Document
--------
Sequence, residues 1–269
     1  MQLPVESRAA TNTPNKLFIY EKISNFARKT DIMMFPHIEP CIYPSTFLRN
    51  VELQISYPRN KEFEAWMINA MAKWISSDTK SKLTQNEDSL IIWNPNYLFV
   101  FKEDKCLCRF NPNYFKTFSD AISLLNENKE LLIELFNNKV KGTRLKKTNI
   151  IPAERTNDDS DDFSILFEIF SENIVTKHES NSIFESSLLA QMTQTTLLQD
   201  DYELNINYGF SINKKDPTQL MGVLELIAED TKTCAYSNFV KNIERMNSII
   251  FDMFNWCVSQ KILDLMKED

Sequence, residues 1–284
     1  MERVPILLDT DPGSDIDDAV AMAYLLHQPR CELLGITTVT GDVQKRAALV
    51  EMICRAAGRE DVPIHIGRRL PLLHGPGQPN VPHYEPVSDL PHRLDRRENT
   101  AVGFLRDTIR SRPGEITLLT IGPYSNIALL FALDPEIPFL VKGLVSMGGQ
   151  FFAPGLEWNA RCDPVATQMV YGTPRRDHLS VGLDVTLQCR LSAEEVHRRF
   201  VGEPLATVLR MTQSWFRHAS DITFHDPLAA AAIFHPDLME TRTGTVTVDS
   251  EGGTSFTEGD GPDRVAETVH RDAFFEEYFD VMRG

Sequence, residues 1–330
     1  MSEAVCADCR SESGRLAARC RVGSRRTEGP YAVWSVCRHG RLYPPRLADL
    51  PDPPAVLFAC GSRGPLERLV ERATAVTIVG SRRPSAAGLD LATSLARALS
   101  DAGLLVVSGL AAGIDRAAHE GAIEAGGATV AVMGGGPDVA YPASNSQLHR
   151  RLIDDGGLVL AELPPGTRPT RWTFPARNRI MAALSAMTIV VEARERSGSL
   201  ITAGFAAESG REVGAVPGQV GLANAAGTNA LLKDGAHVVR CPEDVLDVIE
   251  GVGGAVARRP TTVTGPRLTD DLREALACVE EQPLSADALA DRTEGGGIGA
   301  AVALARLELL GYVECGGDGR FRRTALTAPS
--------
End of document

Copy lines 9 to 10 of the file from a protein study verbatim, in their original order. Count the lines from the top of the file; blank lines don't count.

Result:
     1  MERVPILLDT DPGSDIDDAV AMAYLLHQPR CELLGITTVT GDVQKRAALV
    51  EMICRAAGRE DVPIHIGRRL PLLHGPGQPN VPHYEPVSDL PHRLDRRENT